NYT: ‘Apple Letter on iPhone Security Draws Muted Tech Industry Response’

Nick Wingfield and Mike Isaac, writing for the NYT:

The range of reactions highlights the complicated set of factors influencing tech companies’ responses to government demands for customer data in the era after revelations by Edward J. Snowden, the former intelligence contractor, of widespread government surveillance. Some companies may be keeping their heads low to avoid becoming targets during the raucous presidential campaign, while others may fear that being too vocal will jeopardize government sales and relationships with law enforcement, privacy experts said.

“The issue is of monumental importance, not only to the government and Apple but to the other technology giants as well,” said Tom Rubin, a former attorney for Microsoft and the United States Department of Justice, who is now a law lecturer at Harvard University. “Those companies are undoubtedly following the case intently, praying that it creates a good precedent and breathing a sigh of relief that it’s not them in the spotlight.”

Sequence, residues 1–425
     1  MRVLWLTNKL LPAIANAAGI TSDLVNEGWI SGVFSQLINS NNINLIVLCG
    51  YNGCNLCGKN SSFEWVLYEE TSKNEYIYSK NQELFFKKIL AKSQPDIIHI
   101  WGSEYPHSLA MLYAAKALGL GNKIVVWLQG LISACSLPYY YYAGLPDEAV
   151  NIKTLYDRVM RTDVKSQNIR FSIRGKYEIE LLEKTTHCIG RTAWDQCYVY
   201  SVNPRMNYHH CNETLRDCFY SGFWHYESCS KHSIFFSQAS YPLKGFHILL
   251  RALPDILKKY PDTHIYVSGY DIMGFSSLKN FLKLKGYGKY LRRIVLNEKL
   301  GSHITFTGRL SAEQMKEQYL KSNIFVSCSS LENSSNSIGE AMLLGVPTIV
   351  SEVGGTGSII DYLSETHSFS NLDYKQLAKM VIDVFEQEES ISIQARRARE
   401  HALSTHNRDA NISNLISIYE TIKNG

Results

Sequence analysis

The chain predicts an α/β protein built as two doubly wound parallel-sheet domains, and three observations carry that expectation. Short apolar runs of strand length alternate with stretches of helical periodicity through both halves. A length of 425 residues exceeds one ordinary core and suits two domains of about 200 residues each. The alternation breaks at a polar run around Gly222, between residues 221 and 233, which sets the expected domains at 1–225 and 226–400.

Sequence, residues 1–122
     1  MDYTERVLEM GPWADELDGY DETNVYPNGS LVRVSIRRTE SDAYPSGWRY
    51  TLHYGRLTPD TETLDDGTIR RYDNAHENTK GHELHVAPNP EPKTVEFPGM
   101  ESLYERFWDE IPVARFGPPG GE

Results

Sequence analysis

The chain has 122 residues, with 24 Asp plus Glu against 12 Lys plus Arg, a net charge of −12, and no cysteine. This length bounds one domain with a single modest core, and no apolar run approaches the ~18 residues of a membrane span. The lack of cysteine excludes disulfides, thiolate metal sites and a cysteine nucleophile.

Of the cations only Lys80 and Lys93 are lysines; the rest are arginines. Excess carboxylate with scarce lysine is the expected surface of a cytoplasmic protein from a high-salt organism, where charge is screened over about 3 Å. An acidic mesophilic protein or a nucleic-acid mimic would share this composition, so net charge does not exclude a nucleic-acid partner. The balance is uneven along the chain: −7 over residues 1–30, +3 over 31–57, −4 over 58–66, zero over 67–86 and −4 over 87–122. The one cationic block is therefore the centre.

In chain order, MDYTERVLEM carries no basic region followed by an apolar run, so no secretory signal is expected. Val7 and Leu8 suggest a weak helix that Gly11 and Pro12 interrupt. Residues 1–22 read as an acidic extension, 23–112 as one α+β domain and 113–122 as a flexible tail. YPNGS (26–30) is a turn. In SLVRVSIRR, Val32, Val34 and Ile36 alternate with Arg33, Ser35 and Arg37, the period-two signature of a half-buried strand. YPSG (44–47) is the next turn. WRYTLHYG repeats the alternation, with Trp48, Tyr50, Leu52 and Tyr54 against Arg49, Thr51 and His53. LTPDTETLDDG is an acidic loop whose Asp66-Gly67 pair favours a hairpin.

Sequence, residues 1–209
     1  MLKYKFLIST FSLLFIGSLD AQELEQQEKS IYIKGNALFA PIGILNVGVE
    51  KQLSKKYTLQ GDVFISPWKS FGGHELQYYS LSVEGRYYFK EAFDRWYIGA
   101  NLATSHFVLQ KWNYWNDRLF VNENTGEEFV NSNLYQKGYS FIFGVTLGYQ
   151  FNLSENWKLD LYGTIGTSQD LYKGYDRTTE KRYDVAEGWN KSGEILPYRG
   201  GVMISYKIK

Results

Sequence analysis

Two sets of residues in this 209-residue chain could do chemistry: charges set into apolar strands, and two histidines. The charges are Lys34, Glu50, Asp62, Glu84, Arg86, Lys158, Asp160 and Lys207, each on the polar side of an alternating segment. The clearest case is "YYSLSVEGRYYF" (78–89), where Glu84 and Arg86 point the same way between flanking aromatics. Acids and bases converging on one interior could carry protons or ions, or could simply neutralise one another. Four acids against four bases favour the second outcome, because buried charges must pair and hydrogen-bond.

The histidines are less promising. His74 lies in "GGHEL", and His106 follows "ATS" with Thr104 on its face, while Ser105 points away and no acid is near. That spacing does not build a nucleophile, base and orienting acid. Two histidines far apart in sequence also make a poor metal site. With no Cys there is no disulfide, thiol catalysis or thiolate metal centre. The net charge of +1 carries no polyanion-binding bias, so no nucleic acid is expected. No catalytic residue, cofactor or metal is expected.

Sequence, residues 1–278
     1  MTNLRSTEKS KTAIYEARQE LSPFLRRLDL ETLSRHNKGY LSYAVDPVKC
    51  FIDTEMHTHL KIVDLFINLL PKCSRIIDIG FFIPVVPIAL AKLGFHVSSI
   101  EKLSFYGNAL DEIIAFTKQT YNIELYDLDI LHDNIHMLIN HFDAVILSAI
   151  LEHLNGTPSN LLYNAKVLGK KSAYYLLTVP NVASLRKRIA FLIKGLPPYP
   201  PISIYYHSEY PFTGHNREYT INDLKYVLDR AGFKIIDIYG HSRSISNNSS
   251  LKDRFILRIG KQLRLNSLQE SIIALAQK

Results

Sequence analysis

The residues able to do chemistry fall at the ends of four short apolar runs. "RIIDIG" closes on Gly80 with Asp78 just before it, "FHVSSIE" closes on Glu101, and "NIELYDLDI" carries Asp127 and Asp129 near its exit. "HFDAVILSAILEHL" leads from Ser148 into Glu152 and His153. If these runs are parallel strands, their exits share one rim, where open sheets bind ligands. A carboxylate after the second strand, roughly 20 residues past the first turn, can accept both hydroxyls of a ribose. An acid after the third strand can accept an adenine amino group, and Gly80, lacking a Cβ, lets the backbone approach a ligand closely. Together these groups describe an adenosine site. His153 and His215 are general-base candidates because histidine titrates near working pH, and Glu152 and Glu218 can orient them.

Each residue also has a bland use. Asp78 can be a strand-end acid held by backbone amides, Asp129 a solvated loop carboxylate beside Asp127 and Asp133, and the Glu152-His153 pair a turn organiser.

Henry Blodget’s reaction:

Smart. Shows awareness of other side — impact of unbreakable encryption on law enforcement and Nat security.

This is not smart. We either all get strong encryption built into our devices — including criminals and enemies — or none of us do. And the smart criminals and enemies will just use third-party encryption software for their communication. This whole debate hinges upon a sheer fantasy, that somehow there can exist secure encryption that the “good guys” can break when they want to.

Thursday, 18 February 2016